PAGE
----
I hate to pick on this song, because I really like it and it's the go-to example of serious theology in modern music; but that makes the example all the more salient. There's a simple solution, in this case: sing the first three verses, but not the last one (unless you're a Calvinist who is willing to overlook the "life's first cry" timing as poetic license, which is legitimate).

Make Room: "Shake up the ground of all my tradition, break down the walls of all my religion, Your way is better." I'll be honest, I've hated this song since the first time I heard it, and I refuse to sing that bridge. It's like someone took that vapid "I love Jesus, but hate religion" spoken word from my college days and turned it into an equally meaningless song.

Guess what? Christianity is a religion. As a Protestant (if not a very good one), I deny the sort of controlling, unwritten tradition affirmed by the hierarchical denominations. That said, every writing by a Christian of the past that we consider beneficial for Christians today forms a written, extra-biblical (though biblically based, one hopes) tradition. The main creeds of the patristic period (Apostles', Nicene, Chalcedonian) are certainly tradition; I'd rather not throw them away and open the door to Arianism. Even the Bible itself could be considered tradition in a sense, given that the letters and Gospels were circulated among churches before they were collected as our New Testament.

So, if we throw away tradition and religion, do we get more God? I doubt it. We probably just get more worship bands with fog machines singing kumbaya with no historical context or consciousness.

Amazing Grace: "No," you say, "he can't say anything bad about Amazing Grace!" Don't worry, I don't plan to; but there's a verse that makes an interesting case study in theological flexibility.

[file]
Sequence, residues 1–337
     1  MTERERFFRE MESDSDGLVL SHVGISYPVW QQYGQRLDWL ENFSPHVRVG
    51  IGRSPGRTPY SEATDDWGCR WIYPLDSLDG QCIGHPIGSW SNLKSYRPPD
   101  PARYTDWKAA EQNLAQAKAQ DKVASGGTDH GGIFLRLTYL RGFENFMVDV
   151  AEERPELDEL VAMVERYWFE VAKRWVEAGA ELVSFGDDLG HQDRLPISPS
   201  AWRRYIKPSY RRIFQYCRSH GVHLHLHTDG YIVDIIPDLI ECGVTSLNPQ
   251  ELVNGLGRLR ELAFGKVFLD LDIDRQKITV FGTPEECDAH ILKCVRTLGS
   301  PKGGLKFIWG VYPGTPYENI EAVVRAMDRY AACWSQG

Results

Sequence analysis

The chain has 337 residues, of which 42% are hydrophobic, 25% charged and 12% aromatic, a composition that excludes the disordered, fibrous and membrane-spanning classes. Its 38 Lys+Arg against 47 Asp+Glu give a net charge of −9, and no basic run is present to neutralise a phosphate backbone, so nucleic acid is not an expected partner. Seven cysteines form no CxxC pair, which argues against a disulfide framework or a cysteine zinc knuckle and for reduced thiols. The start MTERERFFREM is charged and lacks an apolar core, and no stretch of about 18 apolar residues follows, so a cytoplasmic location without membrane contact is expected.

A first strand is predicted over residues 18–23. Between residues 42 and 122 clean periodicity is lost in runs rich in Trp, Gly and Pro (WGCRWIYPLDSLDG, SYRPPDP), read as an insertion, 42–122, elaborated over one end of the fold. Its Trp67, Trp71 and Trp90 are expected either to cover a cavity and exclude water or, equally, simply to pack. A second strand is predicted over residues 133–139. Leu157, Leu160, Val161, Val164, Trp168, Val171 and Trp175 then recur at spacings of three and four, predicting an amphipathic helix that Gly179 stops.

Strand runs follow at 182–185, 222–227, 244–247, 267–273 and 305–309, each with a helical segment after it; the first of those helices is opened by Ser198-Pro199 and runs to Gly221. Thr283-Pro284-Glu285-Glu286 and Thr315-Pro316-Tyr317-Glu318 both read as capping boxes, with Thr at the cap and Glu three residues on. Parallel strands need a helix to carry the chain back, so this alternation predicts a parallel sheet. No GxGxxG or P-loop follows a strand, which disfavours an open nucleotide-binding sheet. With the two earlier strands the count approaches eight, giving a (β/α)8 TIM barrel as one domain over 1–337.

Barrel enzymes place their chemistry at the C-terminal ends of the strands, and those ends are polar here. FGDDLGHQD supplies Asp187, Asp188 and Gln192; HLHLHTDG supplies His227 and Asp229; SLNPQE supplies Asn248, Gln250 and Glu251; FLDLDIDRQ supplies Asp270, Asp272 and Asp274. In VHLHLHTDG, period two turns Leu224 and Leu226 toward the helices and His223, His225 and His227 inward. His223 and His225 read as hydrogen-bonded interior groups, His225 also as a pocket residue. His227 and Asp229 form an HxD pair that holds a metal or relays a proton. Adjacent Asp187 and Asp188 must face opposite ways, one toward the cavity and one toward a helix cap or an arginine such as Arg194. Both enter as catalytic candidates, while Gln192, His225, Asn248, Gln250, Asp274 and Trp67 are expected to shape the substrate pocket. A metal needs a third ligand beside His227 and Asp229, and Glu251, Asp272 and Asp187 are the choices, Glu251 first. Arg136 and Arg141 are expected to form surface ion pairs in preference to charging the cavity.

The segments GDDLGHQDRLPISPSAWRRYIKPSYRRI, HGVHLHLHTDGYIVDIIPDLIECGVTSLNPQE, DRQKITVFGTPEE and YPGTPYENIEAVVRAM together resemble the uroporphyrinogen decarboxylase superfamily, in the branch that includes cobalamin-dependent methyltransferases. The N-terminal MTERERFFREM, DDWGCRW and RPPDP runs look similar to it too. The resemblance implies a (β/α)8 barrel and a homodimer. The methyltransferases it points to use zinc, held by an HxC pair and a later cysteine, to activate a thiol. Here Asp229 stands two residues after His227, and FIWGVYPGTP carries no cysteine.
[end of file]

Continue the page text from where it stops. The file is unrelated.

"'Twas grace that taught my heart to fear, and grace my fears relieved / How precious did that grace appear the hour I first believed."

People of all different theological convictions can sing that verse wholeheartedly and mean totally different things when they do. A Calvinist would likely think of grace in the context of the regeneration which he believes precedes faith, allowing the Christian to believe and appreciate his sin and God's goodness. An Arminian may contemplate prevenient grace, in which God provides a way for the Christian to understand God's goodness and choose to worship Him. I, being neither, tend to think about the idea of the fear of the Lord as "the beginning of knowledge" (Prov. 1:7), as well as the idea that only from within the saving grace of God can you appreciate just how much He saved you from (even though I believe you can apprehend God's grace before you, and in order to, accept it).

The flexibility is great! How wonderful that people can worship together, each affirming what they believe to be true, without it descending into brawls over long-dead theologians!

Music as Opportunity

I could have given many more examples of good and bad features of modern music as well as older hymns; here's an interesting site if you want more examples. I don't necessarily agree with all of the positions, but it's the sort of approach I want to take to evaluating lyrics.

But I'd rather focus on the great opportunity that churches have to choose their music attentively. By choosing songs which teach true theology and form our religious affections in healthy, God-honoring ways, churches can take hold of an under-utilized means of discipleship and catechesis. When we cut the me-first musical junk food out of our diets, we can embrace God as the center of our worship. We can be solemn, joyful, anguished, penitent, awed, expectant—in other words, we can express the whole range of Christian emotion as figured and regulated by Scripture.

Through the simple means of choosing music more carefully, ministers can shape the faith of the souls entrusted to their care. By monitoring what we're singing, congregants can, both in church and during the week, ensure that we are worshipping God in truth as well as spirit.

We are not only worshipping when we sing together, but confessing things to be true of God—so let us make a good confession in song!